MELBOURNE midfielder Angus Brayshaw says it's been easy to sacrifice personal glory for the sake of the greater good after the entire Demons squad adopted a team-first mentality.
High hopes were placed on Melbourne after making the preliminary final in 2018, but it was soon written off as a one-hit wonder after crashing to 17th in 2019 and ninth last year.
A series of frank chats during the pre-season resulted in the Demons adopting a more selfless approach, and the move has paid massive dividends.
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Melbourne secured the minor premiership in 2021, and the club will end a 57-year flag drought if it beats the Western Bulldogs in Saturday's Grand Final in Perth.
Brayshaw has been one of the players who has happily sacrificed his game in order to achieve team success.
After finishing third in the Brownlow medal in 2018 as a tough inside midfielder, Brayshaw's form dropped away noticeably in a period that coincided with the emergence of stars Christian Petracca and Clayton Oliver.
Brayshaw willingly accepted a less flashy role this year in which he spends large chunks of games on the wing.
The 25-year-old averaged 26.1 possessions and 4.3 clearances per game in 2018 to go with 14 goals.
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Those numbers have dropped to 18.1 possessions and 1.4 clearances per game this year, and just two goals.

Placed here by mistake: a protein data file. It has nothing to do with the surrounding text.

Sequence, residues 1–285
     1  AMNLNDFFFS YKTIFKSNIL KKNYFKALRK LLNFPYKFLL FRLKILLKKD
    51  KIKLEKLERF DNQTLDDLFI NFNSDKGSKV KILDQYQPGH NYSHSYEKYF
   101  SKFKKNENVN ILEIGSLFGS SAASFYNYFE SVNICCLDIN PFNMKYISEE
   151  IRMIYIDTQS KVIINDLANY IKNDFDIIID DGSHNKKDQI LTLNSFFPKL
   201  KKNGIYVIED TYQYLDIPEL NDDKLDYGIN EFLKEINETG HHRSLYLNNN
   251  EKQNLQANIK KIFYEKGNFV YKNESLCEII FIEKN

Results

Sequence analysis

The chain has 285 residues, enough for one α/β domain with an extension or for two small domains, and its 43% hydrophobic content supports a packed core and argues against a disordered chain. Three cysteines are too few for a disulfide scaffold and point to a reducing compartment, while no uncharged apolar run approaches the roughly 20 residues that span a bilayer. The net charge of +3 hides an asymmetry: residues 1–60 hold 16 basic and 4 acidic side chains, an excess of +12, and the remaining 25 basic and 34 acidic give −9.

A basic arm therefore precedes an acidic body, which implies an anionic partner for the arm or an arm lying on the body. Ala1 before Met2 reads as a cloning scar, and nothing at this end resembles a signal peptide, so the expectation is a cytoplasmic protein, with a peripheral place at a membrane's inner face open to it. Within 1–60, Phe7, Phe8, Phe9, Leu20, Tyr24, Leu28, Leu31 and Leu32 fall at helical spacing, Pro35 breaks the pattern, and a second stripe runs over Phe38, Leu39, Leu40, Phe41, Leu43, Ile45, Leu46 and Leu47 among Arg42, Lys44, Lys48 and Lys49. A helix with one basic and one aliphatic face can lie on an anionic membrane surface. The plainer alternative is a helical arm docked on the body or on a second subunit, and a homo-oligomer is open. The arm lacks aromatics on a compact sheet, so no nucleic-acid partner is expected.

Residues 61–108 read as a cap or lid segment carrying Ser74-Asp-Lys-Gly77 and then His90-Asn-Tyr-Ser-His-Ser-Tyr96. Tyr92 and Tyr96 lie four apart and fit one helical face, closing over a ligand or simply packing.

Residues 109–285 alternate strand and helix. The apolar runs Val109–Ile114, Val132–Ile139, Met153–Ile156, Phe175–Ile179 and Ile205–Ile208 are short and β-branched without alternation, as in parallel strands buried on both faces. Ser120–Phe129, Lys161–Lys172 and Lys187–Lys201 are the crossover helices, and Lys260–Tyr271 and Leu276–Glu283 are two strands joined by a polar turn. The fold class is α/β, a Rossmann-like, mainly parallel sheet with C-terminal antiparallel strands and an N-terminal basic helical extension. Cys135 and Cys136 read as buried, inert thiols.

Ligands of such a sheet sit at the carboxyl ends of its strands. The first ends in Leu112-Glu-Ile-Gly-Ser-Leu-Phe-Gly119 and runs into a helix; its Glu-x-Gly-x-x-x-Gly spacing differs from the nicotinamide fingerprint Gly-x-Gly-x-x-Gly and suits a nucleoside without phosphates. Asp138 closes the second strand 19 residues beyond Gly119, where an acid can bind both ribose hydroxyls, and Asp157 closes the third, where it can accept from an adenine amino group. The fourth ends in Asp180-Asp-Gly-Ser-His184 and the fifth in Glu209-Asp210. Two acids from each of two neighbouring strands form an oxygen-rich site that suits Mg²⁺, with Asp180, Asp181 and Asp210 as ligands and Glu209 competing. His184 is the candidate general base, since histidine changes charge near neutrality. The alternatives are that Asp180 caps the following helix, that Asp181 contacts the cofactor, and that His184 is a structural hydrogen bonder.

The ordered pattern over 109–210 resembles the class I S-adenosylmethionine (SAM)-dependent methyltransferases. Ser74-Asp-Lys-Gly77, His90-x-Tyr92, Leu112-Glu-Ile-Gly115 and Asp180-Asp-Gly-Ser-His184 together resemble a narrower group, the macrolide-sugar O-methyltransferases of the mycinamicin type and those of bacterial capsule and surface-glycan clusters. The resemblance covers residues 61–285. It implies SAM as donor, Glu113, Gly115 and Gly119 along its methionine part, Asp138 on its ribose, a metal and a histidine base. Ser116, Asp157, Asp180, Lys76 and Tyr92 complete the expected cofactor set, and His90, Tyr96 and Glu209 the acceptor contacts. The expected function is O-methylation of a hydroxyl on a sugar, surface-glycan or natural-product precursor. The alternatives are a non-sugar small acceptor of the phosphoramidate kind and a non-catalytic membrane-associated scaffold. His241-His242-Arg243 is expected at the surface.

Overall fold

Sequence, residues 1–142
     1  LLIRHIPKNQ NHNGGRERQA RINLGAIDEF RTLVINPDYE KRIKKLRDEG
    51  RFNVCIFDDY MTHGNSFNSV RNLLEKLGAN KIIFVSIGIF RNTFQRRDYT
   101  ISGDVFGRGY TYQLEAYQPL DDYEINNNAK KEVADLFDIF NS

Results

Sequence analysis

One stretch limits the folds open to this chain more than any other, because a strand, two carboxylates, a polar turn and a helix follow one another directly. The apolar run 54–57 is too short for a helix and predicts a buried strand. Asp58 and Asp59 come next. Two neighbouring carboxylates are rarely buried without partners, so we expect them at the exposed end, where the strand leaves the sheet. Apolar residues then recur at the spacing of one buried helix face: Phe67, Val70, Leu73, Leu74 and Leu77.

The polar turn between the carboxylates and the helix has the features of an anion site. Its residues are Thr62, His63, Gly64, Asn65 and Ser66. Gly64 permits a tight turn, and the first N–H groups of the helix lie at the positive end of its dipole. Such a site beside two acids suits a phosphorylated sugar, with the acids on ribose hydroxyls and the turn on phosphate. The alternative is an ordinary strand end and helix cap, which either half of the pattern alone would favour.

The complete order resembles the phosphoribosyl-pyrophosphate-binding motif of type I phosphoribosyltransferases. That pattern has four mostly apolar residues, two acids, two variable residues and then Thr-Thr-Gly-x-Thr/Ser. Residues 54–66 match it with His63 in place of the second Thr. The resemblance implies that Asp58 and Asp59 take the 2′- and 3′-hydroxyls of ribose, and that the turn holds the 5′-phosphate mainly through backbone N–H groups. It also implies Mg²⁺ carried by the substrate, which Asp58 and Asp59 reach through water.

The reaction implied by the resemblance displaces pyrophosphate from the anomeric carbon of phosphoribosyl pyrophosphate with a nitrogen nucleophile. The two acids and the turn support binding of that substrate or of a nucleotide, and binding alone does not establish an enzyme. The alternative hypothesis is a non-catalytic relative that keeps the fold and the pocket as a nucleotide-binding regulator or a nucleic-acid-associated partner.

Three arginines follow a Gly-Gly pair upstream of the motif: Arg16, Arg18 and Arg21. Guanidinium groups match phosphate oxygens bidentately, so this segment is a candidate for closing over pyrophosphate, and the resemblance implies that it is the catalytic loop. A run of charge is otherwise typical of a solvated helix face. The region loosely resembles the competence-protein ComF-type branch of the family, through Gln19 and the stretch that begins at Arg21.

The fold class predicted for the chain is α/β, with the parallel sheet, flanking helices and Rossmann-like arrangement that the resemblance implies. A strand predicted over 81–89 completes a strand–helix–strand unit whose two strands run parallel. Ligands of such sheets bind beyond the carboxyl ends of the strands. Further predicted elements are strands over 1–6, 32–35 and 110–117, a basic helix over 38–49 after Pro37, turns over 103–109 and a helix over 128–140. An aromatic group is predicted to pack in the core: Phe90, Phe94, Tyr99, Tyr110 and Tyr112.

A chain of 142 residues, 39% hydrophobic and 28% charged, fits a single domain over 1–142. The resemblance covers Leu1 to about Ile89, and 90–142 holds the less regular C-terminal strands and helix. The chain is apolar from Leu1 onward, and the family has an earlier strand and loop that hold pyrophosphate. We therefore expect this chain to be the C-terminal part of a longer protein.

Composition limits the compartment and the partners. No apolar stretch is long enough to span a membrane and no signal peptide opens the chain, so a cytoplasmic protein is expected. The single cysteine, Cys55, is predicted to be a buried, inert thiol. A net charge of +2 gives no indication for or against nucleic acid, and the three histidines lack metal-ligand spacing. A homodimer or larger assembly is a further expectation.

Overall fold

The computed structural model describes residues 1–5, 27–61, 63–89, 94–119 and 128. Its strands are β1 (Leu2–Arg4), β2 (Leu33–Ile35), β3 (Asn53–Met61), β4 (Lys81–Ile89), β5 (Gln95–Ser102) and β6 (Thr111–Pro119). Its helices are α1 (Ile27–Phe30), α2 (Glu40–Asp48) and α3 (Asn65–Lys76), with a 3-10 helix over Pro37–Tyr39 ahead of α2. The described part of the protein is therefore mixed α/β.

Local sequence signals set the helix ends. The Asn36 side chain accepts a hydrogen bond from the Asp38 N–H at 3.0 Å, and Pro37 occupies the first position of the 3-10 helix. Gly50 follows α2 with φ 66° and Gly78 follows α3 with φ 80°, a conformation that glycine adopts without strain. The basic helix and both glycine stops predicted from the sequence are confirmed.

"It's easy to sacrifice when we can actually tangibly see the results," Brayshaw said.
"We're winning more games, people are buying into the team concept, it's a weight of numbers now.
"It's very easy to go the extra mile and do something extra for your mate when everyone else is doing it and we're winning.
"It's been really enjoyable."
Petracca is one of the players to benefit from teammates taking on less prominent roles, and he was quick to acknowledge that.
"The selflessness of the group - so many guys are accepting their role and just playing their role for the team," Petracca said.
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"I'm pretty fortunate in my position that I get to play the way I want to play.
"There's so many guys who allow me to play that - Tom Sparrow, James Harmes, guys like that.
"We wouldn't be where we are if it wasn't for those guys."
Four-time premiership Hawthorn ace Jordan Lewis has been influential in helping promote the team-first culture.
Lewis spent the final three years of his decorated playing career at Melbourne, before becoming a part-time coach at the Demons.
"Every training session we have an emphasis on playing your role and being selfless for the team," Petracca said.
"So many teams have won premierships from that.
"You look at Hawthorn - Jordan Lewis has been with us for five years now, and he always talked about the Hawthorn days and how everyone just accepted their role, and look at Richmond as well.
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"So there's no real secret to it.
"I just think for us we got to an age - myself I'm 25 now and maturing - you just want to win and be part of a football club that's great and put Melbourne back on the map.
"When we were 7-0, 8-0 (earlier this year), we realised this works."